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Avatar, B-Movies and The Road – It’s John Scalzi’s Mailbag, Thanksgiving Edition!

Avatar, B-Movies and The Road – It’s John Scalzi’s Mailbag, Thanksgiving Edition!” width=”560″/>

Dude, why are you here? It’s, like, Thanksgiving. You should be rupturing your intestines with various meats and mashed vegetables and pies and then collapsing onto the couch in a food coma. Heck, I’m feeling logy just thinking about it. And because I’m feeling logy rather than ambitious, that means — yes! — it’s time for another mailbag column!

First letter, from Tom:

You said a couple of weeks ago that you didn’t think a science fiction film would get on the Best Picture ballot this year. I think you may have forgotten about The Road. Don’t you think it has a chance?

Ooooh, good catch, Tom. In fact, I did forget about The Road, which is science fiction by way of the “post-apocalyptic” route, although I’m sure lots of people who don’t like/know science fiction would be willing to argue about whether it’s really scifi or not. Folks: It  totally is. Thus have I spoken.

As for its Oscar chances: Maybe. This is a movie where critical reception is going to mean a lot, and while the reviews so far have been generally favorable, they haven’t been uniformly so: A number of significant critics have been lukewarm or negative. If Academy members have a hard time coming up with ten nominees for Best Picture, it’s possible The Road might slip onto the ballot. But I think it’s more likely it’ll show up in other categories: Viggo Mortensen has a decent shot at Best Actor, I imagine Best Cinematography isn’t out of the question, and it might pop up in some technical categories as well.

That said, I think it probably has the best chance of any scifi oriented movie this year, although I’ll asterisk that by saying I haven’t seen Avatar yet. Which bring us to the next question, from Gail:

You listed four reasons why Avatar can’t fail but I think you’re underestimating the level of negative science fiction fan reaction out there for the film. It was even in your comment thread, where people were calling the film “Dancing With Smurfs.”

Fair point, Gail, but I’ll let you in on a secret: Fans matter, but they matter in a limited way; the amount of economic sway they ultimately have is often negligible. I like to say that a rabid fan base for a movie is worth about $10 million at the box office, that being the opening weekend box office of Serenity. Fans can add a bump to a movie that’s already trending toward success, or add another shovel of dirt to a flick that’s already doomed, but if the fans are trending opposite of the general moviegoing population, they’re not going to be able to save a movie, or doom it.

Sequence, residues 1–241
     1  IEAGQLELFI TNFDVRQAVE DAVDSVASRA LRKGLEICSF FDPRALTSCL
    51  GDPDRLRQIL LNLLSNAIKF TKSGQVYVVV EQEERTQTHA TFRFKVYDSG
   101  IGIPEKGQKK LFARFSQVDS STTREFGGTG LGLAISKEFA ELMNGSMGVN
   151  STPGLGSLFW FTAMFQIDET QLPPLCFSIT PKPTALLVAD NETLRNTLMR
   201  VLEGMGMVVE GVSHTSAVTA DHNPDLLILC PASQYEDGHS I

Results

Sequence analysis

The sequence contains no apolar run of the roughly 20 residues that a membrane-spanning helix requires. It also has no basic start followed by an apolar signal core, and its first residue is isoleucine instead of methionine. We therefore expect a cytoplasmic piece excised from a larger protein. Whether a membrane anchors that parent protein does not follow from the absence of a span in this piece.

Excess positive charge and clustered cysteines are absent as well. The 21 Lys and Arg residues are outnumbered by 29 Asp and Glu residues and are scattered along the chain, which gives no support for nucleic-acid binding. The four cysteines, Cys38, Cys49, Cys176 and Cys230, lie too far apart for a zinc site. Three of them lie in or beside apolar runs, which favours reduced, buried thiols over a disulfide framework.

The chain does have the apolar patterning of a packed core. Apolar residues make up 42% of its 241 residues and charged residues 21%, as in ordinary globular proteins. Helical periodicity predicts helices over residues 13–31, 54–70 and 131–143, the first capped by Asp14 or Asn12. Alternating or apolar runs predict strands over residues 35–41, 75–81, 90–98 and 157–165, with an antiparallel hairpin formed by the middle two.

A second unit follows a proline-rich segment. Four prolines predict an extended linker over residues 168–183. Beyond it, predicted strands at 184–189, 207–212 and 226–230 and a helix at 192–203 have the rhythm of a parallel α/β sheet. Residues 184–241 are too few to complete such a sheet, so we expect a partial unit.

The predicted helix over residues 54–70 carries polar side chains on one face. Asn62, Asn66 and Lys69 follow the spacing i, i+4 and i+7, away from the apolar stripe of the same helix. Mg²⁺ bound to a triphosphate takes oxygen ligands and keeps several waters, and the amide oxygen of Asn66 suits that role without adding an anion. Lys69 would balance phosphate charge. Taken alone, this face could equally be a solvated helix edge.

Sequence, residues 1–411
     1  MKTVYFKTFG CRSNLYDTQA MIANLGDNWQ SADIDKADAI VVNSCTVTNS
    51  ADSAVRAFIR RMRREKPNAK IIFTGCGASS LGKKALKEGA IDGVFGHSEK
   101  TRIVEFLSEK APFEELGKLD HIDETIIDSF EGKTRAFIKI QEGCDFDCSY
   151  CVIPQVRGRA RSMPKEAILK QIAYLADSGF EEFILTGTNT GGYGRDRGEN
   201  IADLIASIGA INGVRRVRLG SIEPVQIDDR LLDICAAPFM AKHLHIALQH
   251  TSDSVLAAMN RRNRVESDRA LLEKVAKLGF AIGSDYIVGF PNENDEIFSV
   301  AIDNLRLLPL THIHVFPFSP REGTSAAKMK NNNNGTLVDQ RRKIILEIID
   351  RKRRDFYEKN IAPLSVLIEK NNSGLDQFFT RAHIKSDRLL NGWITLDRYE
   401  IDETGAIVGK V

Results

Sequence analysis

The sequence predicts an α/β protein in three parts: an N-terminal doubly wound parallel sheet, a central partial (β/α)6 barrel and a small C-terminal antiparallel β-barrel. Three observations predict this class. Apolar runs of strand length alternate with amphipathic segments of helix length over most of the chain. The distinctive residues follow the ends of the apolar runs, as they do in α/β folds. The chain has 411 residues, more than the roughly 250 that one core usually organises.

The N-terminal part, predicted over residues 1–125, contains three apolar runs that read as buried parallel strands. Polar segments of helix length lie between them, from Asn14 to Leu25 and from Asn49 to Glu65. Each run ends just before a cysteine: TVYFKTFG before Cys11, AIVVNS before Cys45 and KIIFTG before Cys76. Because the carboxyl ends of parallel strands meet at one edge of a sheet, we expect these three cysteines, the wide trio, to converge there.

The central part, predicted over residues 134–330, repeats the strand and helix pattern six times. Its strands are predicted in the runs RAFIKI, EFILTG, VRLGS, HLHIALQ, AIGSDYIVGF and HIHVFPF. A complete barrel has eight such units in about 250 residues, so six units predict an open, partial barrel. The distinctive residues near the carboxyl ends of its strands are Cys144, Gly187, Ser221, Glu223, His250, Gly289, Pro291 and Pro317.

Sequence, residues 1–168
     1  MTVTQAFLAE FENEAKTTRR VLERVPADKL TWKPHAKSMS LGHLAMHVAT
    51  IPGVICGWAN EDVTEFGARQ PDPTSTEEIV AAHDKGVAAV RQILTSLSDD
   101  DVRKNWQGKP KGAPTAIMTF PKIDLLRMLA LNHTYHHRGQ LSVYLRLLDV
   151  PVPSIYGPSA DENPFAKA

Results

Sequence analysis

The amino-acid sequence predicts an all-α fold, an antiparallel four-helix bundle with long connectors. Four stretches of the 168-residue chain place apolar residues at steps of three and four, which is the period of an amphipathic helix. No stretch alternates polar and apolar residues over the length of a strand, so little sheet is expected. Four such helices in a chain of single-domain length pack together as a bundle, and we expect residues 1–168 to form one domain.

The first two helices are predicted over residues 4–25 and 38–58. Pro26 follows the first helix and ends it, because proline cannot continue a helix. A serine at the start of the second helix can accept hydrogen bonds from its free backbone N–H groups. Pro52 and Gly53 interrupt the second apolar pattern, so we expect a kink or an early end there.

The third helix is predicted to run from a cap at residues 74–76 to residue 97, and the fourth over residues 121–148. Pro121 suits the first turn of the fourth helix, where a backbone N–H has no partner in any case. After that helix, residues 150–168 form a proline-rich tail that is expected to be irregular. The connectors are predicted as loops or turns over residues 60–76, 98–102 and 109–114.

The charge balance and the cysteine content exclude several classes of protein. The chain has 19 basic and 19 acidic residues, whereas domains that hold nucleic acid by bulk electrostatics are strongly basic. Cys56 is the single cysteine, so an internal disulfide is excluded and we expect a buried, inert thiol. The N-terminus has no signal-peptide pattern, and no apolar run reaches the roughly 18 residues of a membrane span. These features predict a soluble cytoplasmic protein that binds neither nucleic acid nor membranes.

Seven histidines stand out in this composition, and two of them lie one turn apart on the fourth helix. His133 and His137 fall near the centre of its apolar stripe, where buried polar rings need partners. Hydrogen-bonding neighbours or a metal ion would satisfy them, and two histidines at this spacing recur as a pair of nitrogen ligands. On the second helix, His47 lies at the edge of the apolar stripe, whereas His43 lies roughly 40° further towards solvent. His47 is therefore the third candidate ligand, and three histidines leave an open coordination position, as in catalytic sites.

Now, in the case of Avatar, there are definitely people who have decided they already hate it, but I don’t see that as the monolithic response; lots of people can’t wait to see it. That conflicted fan word-of-mouth is going up against a massive positive promotional budget, and it’s going to take a lot more than scifi fans snarking about Smurfs to make a dent in the opening weekend box office.

One other small point to consider: Director James Cameron’s movie prior to Avatar had absolutely poisonous pre-release press and gossip. Did it affect the numbers? Well, you tell me: The movie was Titanic. Point is, if Avatar works, no one is going to care what people said about it before they saw it.

Last question, from Barb:

AMC has that section of their site where they show B-movies. Can you think of an actual recent science fiction B-movie in the theaters? I can’t.

The closest I can think of is probably Pandorum, which cost a modest amount to make ($40 million), was released by a small distributor (Overture Films), and disappeared largely without a trace ($10 domestic box office). But generally speaking, yeah, B-movies are pretty much out of the theatrical landscape; direct-to-video releases are their current equivalent, along with movies that debut on pay-per-view cable, like Mutant Chronicles (domestic theatrical gross: $6,800).

Which is to say that cheesetastic, hastily-made scifi flicks still exist, you just watch them in the privacy of your own home. Which is a bit of a shame, really. I like the idea of B-movies — the silly, vaguely crappy flick paired up with the movie you came to see — that are really better as a communal experience. But there’s too much money to be made programming the latest releases to show every half hour at the multiplex. That’s fine, but it’s not as much fun.

Happy Thanksgiving, everyone.

Winner of the Hugo Award and the John W. Campbell Award for Best New Writer, John Scalzi is the author of The Rough Guide to Sci-Fi Movies and the novels Old Man’s War and Zoe’s Tale. He’s also Creative Consultant for the Stargate: Universe television series. His column appears every Thursday.

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